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'Hail, Caesar!' — A Tale of the Christ?
Universal Pictures
George Clooney in 'Hail, Caesar!'
Josh Brolin in 'Hail, Caesar!'
Alison Rosa / Universal Pictures

Josh Brolin in 'Hail, Caesar!'

Look, I know there’s no bigger cliché than a Christian critic sitting around identifying “Christ figures” at the movies. But in their latest, Joel and Ethan Coen show their hand so obviously—the subtitle for the Ben Hur-like film-within-a-film, also called Hail, Caesar!, is “A Tale of the Christ”—that I’m either being trolled or baited. I’ll bite.

Among many (many, many) things, Hail, Caesar! is a passion play: a canny bit of work on the Coens’ part, given this year’s proliferation of biblical epics both remade and reimagined. In just the next few months, that includes Risen, The Young Messiah, Last Days in the Desert, the Tyler Perry-hosted The Passion Live, and the ABC show Of Kings and Prophets—and, yes, a Ben Hur remake.

Channing Tatum in 'Hail, Caesar!'
Alison Rosa / Universal Pictures

Channing Tatum in 'Hail, Caesar!'

The Coens (being Coens) come at it as a farce, with about 18 different things rumbling beneath the surface. On its basic level, Hail, Caesar! is an affectionate celebration, mild critique, and winking pastiche of Hollywood’s Golden Age, when studios owned actors’ contracts and shot everything from swashbuckling song-and-dance numbers to sword-and-sandal epics on the back lot. Josh Brolin plays Eddie Mannix, the executive in charge of production at Capitol Pictures (that name becomes important later). He goes to confession a lot (“too much,” his priest says wearily) for infractions like smoking a few cigarettes, answers to the never-seen studio head Mr. Schenck (pronounced "skank"), and is being wooed by Lockheed Martin in a job that might involve H-bombs but would still be easier than wrangling the cast of characters he’s stuck with.

Those characters feel like what would happen if Turner Classic Movies accidentally left the door unlocked at night. Scarlett Johansson is a mermaid in a synchronized swimming fantasy picture; Ralph Fiennes helms a high-society Broadway adaptation in which America’s favorite lassoing cowboy (Alden Ehrenreich) is being forced to star so the studio can “change his image”; Channing Tatum is a deceptively mild-mannered singing and tap-dancing sailor; there’s a Carmen Miranda-like sweetheart (Veronica Osorio)—and George Clooney is a centurion among slaves in the sword-and-sandal Hail, Caesar!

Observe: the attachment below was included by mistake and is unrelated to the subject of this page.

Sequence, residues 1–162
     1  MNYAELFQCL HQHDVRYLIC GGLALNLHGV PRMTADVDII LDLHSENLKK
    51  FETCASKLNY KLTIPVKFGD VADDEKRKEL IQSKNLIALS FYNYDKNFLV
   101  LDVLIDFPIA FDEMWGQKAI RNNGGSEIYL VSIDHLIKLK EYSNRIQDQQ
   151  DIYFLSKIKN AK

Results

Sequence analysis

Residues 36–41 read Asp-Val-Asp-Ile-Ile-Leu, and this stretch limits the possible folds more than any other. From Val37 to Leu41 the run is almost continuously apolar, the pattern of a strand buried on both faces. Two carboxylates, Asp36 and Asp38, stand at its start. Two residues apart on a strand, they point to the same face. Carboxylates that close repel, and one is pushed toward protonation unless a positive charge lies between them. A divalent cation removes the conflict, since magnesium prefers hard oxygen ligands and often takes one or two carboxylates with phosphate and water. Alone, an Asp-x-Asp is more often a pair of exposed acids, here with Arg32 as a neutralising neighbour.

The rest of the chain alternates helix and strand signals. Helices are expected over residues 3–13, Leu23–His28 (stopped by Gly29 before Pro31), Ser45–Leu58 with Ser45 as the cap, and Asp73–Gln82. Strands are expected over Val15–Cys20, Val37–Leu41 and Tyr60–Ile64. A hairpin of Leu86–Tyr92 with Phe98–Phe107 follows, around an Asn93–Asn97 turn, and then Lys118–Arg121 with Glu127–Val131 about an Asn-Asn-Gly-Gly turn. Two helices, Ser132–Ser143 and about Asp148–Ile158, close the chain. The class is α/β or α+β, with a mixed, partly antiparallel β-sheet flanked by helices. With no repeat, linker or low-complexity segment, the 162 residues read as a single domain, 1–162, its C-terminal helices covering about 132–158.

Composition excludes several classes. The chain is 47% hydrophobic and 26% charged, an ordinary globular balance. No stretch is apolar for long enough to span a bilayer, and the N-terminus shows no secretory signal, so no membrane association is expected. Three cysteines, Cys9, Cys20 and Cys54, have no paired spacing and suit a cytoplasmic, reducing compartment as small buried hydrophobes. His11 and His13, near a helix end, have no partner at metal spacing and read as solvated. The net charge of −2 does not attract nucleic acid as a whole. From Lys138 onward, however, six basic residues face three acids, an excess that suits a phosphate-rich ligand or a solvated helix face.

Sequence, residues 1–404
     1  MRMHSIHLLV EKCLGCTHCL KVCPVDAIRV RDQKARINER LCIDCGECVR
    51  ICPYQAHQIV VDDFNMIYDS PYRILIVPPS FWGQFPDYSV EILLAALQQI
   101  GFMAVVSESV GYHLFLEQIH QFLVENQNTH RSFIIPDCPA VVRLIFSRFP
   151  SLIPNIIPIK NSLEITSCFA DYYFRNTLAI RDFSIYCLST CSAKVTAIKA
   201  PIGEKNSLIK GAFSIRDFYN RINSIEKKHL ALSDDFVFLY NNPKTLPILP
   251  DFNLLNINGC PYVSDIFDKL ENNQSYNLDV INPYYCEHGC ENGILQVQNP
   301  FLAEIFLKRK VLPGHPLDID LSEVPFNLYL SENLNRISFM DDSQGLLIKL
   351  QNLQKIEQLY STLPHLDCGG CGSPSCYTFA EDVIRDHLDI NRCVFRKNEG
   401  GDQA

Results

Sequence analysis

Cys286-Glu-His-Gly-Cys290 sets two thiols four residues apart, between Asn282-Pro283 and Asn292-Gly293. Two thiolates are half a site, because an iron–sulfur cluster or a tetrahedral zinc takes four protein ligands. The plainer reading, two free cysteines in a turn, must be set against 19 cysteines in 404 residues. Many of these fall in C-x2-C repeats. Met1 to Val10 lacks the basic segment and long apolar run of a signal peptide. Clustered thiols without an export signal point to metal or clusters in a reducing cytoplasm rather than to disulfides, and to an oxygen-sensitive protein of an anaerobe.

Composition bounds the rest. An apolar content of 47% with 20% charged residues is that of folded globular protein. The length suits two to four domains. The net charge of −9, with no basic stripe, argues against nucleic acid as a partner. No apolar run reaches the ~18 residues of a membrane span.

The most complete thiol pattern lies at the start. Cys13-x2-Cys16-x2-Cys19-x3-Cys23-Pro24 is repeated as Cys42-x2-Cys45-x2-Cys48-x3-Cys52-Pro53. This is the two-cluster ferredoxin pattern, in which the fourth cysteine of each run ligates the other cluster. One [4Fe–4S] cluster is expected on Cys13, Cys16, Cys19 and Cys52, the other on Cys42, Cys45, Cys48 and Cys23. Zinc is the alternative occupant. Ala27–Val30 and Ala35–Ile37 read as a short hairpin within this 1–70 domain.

That last production is in full swing, and Mannix is watching the dailies (“DIVINE PRESENCE TO BE SHOT,” the subtitles announce at opportune moments—the film is still in production) when he discovers its star has been kidnapped.

In one subplot, in a nod to the Communist writers who were blacklisted, a disciple-like cadre of Communist acolytes following their leader—suggestively named Dr. Marcuse—kidnap Clooney’s genial star and educate him in the ways of “direct action” and “accelerating the dialectic” while holding him for ransom (a startlingly common plot point in the Coens’ films, by the way). Everything can be explained by economics, they say, quoting Marx, and so certainly the concept of rendering to Caesar—either through Capitol Pictures, Das Kapital, or capitalism—is part of this title.

George Clooney in 'Hail, Caesar!'
Alison Rosa / Universal Pictures

George Clooney in 'Hail, Caesar!'

But mostly it’s about the meaning of life by way of religion, with which the Coens have always fiddled, sometimes dancing around the edges and sometimes diving straight into the middle. Hollywood’s Golden Age gives them the perfect excuse for a hysterical scene straight out of a joke: two priests (one Catholic, one Orthodox), a Protestant minister, and a rabbi sit in a boardroom with Mannix, debating whether the depiction of Christ in an upcoming picture “cuts the mustard” or is offensive. As the rabbi points out, for Jews it’s forbidden to portray God, but luckily for them Jesus isn’t part of the godhead. One of the ministers explains that technically Jesus is the Son of God. (The conventional disclaimers at the end of the credits explain that “This motion picture contains no visual depiction of the godhead.”)

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